Michelangelo’s ‘The Creation of Adam’ from the Sistine Chapel Ceiling illustrates the biblical creation narrative from the book of Genesis in which God breathes life into Adam, the first man. Characteristic of Michelangelo’s attributes as a colourist the artwork uses cool greens and blues for the earth and a cool red for God and heaven. Lounging on earth on the left side is Adam’s concave body with his arm extended. God reciprocates this gesture from above on the right side with his arm reaching out and his finger about to touch Adam’s. God is depicted with a powerful muscular body and with the grey hair of an elderly man. God’s convex posture complements that of Adam as he floats in a nebulous form of drapery and figures. The accuracy of the muscles on both figures gives the appearance of sculpture. The different colours and the level of earth compared to sky/heaven establish the contrast between human and transcendent. Similarly Adams nakedness and god’s clothed physique separate the normal from supernatural.
The fresco belongs to a complex iconographic scheme and is chronologically placed amid a series of panels depicting episodes from Genesis on the chapel ceiling. It is bookended by ‘The Creation of Eve’ at the centre of the room and by ‘The Congregation of the Waters’ which is closer to the altar. An interesting set of circumstances led to the commission of the Sistine Chapel Ceiling by Pope Julius II. In 1508 the Pope was persuaded by the artistic community of Rome (including artists like Raphael) to commission Michelangelo. This was an attempt to degrade the artist as they knew he was a sculptor and wasn’t trained in painting and would probably fail. They felt threatened by his fame at such a young age and hoped to embarrass and cause his downfall.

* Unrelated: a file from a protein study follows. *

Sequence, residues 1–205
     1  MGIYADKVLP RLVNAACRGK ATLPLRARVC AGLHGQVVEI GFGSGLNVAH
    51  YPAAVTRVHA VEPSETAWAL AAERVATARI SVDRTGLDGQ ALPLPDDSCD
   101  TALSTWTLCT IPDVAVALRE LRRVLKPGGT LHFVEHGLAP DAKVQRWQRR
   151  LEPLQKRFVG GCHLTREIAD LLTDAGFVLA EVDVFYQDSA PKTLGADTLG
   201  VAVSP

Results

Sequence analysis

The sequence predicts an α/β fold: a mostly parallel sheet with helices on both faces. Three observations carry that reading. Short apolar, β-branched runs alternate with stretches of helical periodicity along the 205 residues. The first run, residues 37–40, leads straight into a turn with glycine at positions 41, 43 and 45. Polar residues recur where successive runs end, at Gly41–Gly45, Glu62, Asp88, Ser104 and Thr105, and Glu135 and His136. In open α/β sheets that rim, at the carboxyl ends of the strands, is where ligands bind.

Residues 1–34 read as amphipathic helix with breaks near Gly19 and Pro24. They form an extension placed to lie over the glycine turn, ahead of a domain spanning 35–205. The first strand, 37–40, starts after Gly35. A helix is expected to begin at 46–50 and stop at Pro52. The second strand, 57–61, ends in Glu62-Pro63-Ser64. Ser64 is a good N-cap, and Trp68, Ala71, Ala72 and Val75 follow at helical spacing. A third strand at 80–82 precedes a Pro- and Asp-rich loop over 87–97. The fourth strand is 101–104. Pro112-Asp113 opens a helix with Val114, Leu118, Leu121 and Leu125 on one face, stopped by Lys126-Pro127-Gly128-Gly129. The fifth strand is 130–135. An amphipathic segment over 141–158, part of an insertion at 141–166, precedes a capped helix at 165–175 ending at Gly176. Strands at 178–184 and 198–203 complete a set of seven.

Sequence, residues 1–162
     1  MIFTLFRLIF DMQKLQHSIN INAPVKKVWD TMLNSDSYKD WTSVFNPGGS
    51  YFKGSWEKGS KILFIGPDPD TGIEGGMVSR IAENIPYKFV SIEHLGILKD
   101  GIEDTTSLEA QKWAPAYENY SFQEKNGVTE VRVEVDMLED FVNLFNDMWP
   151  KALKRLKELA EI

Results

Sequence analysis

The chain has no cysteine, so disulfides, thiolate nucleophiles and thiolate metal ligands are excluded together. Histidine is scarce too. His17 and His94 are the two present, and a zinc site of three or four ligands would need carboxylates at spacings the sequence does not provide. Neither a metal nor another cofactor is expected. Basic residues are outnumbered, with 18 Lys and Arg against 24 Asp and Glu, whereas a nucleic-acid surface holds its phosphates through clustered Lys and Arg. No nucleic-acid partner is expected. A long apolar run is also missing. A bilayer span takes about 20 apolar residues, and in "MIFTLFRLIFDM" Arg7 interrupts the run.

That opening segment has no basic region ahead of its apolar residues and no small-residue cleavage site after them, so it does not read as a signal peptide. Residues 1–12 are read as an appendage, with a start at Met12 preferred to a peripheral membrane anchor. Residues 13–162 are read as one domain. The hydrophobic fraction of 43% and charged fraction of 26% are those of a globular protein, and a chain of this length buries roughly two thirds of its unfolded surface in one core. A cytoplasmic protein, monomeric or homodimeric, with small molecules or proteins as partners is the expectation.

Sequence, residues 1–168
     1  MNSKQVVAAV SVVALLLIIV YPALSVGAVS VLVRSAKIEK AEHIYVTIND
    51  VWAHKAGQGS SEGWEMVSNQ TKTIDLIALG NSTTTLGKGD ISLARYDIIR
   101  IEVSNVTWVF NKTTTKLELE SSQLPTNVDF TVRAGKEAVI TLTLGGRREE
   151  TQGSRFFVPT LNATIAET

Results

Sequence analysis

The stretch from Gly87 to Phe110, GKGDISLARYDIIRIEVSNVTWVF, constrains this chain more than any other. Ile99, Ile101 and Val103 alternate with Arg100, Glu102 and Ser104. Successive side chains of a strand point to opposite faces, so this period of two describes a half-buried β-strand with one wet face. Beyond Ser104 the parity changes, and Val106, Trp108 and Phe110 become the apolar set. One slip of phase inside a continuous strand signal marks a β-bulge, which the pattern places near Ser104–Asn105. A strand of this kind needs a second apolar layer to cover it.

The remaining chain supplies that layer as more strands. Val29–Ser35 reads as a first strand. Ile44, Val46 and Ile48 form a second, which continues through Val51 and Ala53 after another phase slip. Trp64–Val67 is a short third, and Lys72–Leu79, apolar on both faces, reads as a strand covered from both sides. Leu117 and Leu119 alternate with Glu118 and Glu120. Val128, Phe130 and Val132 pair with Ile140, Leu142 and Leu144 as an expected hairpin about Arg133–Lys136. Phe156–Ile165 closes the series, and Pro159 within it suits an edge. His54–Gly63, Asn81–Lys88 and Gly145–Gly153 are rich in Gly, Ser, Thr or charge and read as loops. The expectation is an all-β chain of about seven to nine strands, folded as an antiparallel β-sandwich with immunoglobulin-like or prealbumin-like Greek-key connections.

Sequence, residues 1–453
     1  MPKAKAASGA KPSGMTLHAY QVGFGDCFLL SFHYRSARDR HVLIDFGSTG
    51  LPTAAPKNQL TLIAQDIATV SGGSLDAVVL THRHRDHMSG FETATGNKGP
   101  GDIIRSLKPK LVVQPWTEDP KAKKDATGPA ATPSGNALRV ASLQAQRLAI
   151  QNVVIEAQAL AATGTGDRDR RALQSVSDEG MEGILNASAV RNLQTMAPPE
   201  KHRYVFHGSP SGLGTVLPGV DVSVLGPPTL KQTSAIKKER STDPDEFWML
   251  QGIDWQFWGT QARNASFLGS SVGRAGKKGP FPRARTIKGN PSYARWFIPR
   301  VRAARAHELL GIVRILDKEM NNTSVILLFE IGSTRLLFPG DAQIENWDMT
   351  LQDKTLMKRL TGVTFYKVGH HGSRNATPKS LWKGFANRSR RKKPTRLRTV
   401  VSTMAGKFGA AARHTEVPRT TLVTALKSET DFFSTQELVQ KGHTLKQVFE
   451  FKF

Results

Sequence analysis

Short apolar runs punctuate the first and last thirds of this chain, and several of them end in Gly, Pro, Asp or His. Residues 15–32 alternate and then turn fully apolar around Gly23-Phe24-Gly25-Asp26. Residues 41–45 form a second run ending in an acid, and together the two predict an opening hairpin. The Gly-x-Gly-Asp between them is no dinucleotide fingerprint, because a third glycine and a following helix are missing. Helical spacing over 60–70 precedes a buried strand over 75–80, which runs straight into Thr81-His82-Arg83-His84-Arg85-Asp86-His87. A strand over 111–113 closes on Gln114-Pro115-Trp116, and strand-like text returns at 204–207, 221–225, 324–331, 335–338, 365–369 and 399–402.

Michelangelo’s ability to depict physical accuracy is due to his analysis and study of human anatomy. He studied the organs of the human body by sketching and measuring parts of dissected human corpses. Before he picked up the paint brush he would also make several drawing studies of his subject using human models in his studio (all of which were male.). These drawings were primarily done in chalk and allowed him to experiment with tone, shapes and placement of light sources. When he painted the Sistine Chapel Ceiling he had to design his own wooden scaffolding in order to get close enough to paint. His environment was physically draining as he worked in cramped conditions and painted in a standing position with his head tilted up. He applied paint to moist plaster in the fresco style which meant the plaster would absorb and trap the colours when dried. Every day he laid a new section of plaster and would scrape away the edges of the previous day. Typically fresco artists would transfer a drawing to the plaster as an outline, however Michelangelo broke this convention as he drew directly onto the ceiling. In some areas of the ceiling he used grids, indicating that he enlarged directly onto the ceiling from a small drawing. He used a wash technique to apply broad areas of colour, when drier he revisited these areas with a more linear approach, adding shade and detail. For some textured surfaces, such as facial hair and wood grain, he used a broad bristly brush.